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Posts in "Texas-23"
July 8, 2014
The National Republican Congressional Committee promoted 11 more candidates to ‘Young Gun’ status Tuesday morning, elevating their campaigns to the highest level of the program that provides organizational and fundraising support in top House contests.
The 11 additions brings the NRCC’s total number of Young Gun candidates this cycle to 32.
“Candidates that reach ‘Young Gun’ status have met a series of rigorous goals that will put them in position to win on Election Day,” NRCC Chairman Greg Walden of Oregon said in a news release.
The new Young Gun candidates are:
May 29, 2014
The Democratic Congressional Campaign Committee has reserved $43.5 million in television airtime in dozens of targeted House districts this fall — a signal the party is attempting to play defense and offense in a challenging midterm cycle.
The money is split across 36 districts, including 17 pickup opportunities, according to a DCCC aide. More districts and more money could be added to the reservations as the cycle progresses, the aide said.
The DCCC had $43.3 million in the bank at the end of April and has raised more than its Republican counterpart by large margins this cycle. The committee ended April with an $11 million cash-on-hand advantage over the National Republican Congressional Committee.
These ad reservations give insight into which members Democrats see as vulnerable, and which seats the DCCC sees as the best possibility to take in November. They also signal to outside groups where the the party might need help on the airwaves this fall.
However, parties can cancel or change these reservations until shortly before the advertisements air in most cases.
Here are the districts where the DCCC has reserved airtime:
May 27, 2014
Updated 11:42 p.m. | Rep. Ralph M. Hall, R-Texas, lost his bid for an 18th term Tuesday night, making him the first incumbent to not win re-election in 2014.
Attorney John Ratcliffe defeated Hall with 52 percent of the vote. Hall had 48 percent when the AP called the race with 66 percent of precincts reporting.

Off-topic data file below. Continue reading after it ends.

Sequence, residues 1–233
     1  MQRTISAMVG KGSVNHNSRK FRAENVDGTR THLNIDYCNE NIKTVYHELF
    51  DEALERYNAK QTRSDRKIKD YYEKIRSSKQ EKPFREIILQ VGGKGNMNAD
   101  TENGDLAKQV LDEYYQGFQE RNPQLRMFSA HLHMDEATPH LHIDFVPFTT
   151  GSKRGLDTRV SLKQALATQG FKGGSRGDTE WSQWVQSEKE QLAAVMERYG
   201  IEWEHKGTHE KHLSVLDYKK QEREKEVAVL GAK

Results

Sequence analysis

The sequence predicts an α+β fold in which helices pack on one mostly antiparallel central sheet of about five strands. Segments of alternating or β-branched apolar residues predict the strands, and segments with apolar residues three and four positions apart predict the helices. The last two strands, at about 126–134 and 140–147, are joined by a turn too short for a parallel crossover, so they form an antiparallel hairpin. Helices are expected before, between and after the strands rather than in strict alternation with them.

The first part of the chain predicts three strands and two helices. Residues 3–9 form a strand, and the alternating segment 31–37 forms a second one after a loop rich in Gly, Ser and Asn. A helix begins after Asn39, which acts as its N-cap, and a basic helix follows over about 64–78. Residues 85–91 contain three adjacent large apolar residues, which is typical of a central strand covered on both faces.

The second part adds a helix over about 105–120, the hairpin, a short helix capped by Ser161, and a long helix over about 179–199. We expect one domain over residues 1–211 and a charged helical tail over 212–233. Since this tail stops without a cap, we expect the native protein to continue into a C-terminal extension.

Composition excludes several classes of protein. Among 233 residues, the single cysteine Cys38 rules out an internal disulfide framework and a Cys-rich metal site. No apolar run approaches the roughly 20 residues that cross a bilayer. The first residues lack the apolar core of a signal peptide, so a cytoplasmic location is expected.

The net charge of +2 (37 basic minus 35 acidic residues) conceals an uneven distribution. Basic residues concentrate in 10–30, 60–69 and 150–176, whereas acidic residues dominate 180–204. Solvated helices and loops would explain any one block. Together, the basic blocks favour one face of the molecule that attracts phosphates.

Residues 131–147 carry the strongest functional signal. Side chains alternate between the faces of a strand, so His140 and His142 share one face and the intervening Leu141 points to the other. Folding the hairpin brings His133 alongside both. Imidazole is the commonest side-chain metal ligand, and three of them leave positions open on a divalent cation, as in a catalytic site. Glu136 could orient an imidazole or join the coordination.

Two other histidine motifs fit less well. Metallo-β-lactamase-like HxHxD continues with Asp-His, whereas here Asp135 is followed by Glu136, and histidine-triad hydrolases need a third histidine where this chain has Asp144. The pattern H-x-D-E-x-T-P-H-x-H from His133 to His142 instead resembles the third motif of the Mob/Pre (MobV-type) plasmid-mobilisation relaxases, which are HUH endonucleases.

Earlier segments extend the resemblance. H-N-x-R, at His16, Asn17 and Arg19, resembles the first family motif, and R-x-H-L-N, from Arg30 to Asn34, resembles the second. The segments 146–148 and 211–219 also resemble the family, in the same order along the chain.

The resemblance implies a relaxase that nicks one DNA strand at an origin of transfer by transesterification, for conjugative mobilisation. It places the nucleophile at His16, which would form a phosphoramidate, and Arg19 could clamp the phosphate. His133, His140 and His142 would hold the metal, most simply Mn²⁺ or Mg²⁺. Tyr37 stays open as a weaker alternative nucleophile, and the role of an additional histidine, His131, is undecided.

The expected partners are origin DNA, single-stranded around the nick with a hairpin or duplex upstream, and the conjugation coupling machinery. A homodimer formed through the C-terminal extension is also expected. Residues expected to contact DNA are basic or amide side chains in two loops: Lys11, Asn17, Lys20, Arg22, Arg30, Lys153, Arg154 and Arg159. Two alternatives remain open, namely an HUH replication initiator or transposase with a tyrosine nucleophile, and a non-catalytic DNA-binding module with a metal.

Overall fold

Ratcliffe is all-but-certain to hold this seat for Republicans in the fall. Full story
Most of the political excitement in the Lone Star State is expected to take place in state races. Even though tea-party-aligned candidates hit recent road blocks in GOP primaries in federal races, anti-establishment conservative candidates are expected to dominate state-level politics Tuesday evening in Texas.
But in that shadow, there are a few House race runoffs with the potential to impact Capitol Hill — especially in Texas’ 4th District. After Republican Rep. Ralph M. Hall failed to win the majority of the vote in the March primary, he faces the fight of his career to return to Congress.
Lone Star State polls close at 9 p.m. EST (this cycle’s complete political calendar is available on CQ Roll Call’s Primary Chart).
April 18, 2014
House Majority PAC, a super PAC with the aim of electing House Democrats, announced its first round of television reservations for the fall.
The reservations, totaling about $6.5 million, are for “the final weeks of the election in 24 districts,” a news release stated.
The super PAC during the 2012 cycle made its first round of reservations in early July in partnership with the Service Employees International Union.
“By placing these reservations early, we will make our dollars go further and ensure we have the air time to effectively fight back against the flood of Koch brothers’ dollars,” House Majority PAC Executive Director Alixandria Lapp said in a statement.
The super PAC is on offensive in six Republican-held districts and on defense in 18 Democratic districts. Often, releasing ad reservations to the press is a means to telegraph to allies, like the Democratic Congressional Campaign Committee, how outside groups intend to spend money.
Below is a breakdown of the buys, categorized by offensive and defensive targets:
March 4, 2014
The nation’s first primary election of the 2014 cycle arrives today, and Lone Star State campaigns have braced themselves for low turnout thanks to unusually frigid weather.
Or as they say in some parts of Texas, it’s colder than a tin toilet in the Yukon.
Few places are prepared to handle ice and 30-degree temperatures, which could keep voters at home. As a result, many campaigns predict early voting and early media buys will have an outsized influence on the primaries.
A candidate must receive a majority of the vote to win Tuesday’s primary outright. Otherwise, the top two candidates will advance to a May 27 runoff.
Polls close at 8 p.m. EST. Here are six things to watch as results come in: Full story
December 10, 2013
Sen. John Cornyn is not the only Texas Republican to face a race in 2014. Several House members will face challenges within their own party this March, or competitive races this November.
The filing deadline passed on Monday evening to run for Congress from the Lone Star State. Rep. Steve Stockman, R-Texas, served up the biggest surprise with his last-minute challenge to Cornyn.